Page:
Frequently Asked Questions

Frequently asked questions about Chicago personal injury

Frequently Asked Questions About Chicago Personal Injury

Michael T. Friedman & Associates ensures clients are fully informed about their rights under Illinois injury law. The answers to the following questions provide a jumping-off point. Once you have read them, you should discuss your matter with a qualified Chicago personal injury lawyer like Michael T. Friedman.

QHow long will my case take?

It is impossible to know how long your case will take to settle. You should wait until you have reached maximum medical improvement to seek damages, which in itself could take months. From there, all evidence and documents to your case must be collected and reviewed, and the insurance adjuster for the other side will make an offer. If your case doesn’t go to trial, it could take months – or more than a year – to reach a settlement.

QShould I provide a statement to an insurance company without a lawyer’s help?

No – you should never provide a statement to an insurance company without consulting with your attorney first. An insurance adjuster is searching for ways to reduce the amount of money owed to you, and the smallest omission of fault could harm your claim.

QWill I have to go to trial to recover damages?

Whether or not you have to go to trial will depend upon many factors during your case. Most personal injury claims are resolved out of court; court is necessary when the plaintiff and the defense cannot reach a settlement that all parties agree on.

QWhat is considered “pain and suffering?”

Pain and suffering is a type of damage in a personal injury case, and can refer to both physical pain, and mental suffering and anguish. The former, physical pain and suffering, is common when a plaintiff has suffered physical injuries, and has experienced severe discomfort as a result. Pain and suffering for mental anguish is also common when the plaintiff has experienced shock, psychological injury, depression, fear, or loss of enjoyment as a result of their injuries.  

QWhat determines the amount I might recover?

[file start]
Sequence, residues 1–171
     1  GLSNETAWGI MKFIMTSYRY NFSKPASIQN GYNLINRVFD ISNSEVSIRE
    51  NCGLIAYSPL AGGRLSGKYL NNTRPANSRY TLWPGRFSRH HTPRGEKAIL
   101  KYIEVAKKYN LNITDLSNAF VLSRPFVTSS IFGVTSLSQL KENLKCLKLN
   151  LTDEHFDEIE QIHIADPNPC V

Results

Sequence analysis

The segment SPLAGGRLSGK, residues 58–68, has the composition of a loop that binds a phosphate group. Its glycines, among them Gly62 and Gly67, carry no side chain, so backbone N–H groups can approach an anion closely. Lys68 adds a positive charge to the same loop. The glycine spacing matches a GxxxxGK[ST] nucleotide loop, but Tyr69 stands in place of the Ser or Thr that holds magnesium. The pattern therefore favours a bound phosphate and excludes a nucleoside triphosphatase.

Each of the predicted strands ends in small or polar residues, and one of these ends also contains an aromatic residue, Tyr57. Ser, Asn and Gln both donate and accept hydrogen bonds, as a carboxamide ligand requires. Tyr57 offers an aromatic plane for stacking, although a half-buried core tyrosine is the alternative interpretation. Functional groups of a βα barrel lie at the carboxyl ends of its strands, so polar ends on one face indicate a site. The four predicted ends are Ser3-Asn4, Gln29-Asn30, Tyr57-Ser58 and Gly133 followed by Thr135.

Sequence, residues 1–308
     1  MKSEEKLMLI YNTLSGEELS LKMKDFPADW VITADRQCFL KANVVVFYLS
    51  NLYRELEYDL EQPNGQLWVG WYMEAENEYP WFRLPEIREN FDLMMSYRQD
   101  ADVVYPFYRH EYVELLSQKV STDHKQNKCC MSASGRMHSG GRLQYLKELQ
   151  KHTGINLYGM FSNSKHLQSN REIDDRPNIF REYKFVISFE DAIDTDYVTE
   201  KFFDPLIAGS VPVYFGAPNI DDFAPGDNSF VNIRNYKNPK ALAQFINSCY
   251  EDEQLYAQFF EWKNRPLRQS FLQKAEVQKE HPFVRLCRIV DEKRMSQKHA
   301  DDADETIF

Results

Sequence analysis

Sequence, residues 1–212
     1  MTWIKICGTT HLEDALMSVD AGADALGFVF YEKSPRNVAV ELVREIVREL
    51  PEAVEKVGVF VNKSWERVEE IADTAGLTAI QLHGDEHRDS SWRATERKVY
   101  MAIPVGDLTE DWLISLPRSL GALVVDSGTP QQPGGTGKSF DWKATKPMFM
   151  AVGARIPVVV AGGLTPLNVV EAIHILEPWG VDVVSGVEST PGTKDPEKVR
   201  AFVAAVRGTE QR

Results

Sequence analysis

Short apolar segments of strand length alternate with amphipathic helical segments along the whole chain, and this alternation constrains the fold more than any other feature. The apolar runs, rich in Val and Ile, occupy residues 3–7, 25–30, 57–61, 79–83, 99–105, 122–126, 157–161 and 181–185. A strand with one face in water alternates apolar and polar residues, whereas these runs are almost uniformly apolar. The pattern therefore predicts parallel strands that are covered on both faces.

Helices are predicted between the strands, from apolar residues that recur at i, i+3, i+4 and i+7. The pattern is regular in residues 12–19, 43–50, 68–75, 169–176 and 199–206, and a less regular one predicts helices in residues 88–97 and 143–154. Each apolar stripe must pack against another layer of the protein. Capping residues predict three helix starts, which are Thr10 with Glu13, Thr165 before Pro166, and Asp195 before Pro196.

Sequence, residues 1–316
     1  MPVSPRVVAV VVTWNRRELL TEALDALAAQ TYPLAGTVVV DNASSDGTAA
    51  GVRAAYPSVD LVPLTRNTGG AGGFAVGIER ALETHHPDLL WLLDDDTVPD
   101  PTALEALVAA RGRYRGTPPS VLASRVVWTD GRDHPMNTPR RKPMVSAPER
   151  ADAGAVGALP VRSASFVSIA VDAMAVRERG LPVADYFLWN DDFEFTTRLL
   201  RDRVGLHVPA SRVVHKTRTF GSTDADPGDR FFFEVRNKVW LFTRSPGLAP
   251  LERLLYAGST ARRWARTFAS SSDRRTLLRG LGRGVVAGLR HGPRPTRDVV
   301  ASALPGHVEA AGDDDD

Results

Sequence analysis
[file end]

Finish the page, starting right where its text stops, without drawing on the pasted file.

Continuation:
The amount of damages that you may recover is dependent on the extent of your losses. For example, if you suffered $100,000 in medical bills and $400,000 in lost wages and future lost wages, you can recover $500,000 in economic damages. Damages for pain and suffering are calculated in different ways; a multiplier may be assigned to your case – such as 1.5 – and then this is used to determine damages by multiplying the multiplier by your economic damages.

QWhat can a worker who has suffered an on-the-job injury recover through the workers’ compensation program?

A worker who is injured on the job cannot file a lawsuit against their employer, but may seek damages through the workers’ compensation insurance system. Workers’ compensation allows for workers to recover compensation for medical costs, disability (lost wages), funeral expenses, and death benefits for surviving loved ones.

QIs there a minimum or maximum amount that can be recovered in a personal injury settlement?

Usually, personal injury cases are only pursued if the claim is worth a substantial amount of money. There is no cap on the maximum amount of damages that can be recovered; you have the right to seek damages for the full extent of your losses.

QWhat is a typical settlement amount?

Each settlement award varies depending upon the extent of losses the plaintiff has suffered. Remember, you are able to seek compensation for all damages you have suffered, including medical expenses, lost wages, pain and suffering, and future losses. How much your noneconomic damages are worth will depend upon your level of suffering, your age, what the prognosis is for your injuries, permanent disability, and more.

QHow much is my case worth?

We cannot form an idea of how much your case may be worth without speaking to you first. The value of your case depends on a number of factors. For a free consultation, contact us today.

QWhat are the most common types of brain injury?

A brain injury can be traumatic or acquired. Brain injuries fall into a number of categories, including: concussions (one of the most common), contusions, coup-contrecoup, diffuse axonal, penetration, anoxia, and hypoxia. All brain injuries have the potential to be serious and life-changing.

QWhat causes a brain injury?

A brain injury can be caused by a traumatic event, such as a blow to the head, or an acquired condition, such as the deprivation of oxygen in a near-drowning accident.

QAre some injuries milder than others?

Yes – the severity of brain injury varies depending upon the type of accident, the level of force involved, and the health of the victim. Some brain injuries will likely heal completely with time, whereas others can cause permanent disability.

QAm I entitled to compensation for my brain injury or one suffered by a family member?

Yes. A brain injury can change your life, and certainly results in damages. If another party was responsible for the brain injury through an act of negligence, you may certainly seek compensation for losses.

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In Chicago, medical malpractice attorneys are plentiful, but they are not all equal. Michael T. Friedman provides the caliber of representation that clients trust for themselves, their families and their friends.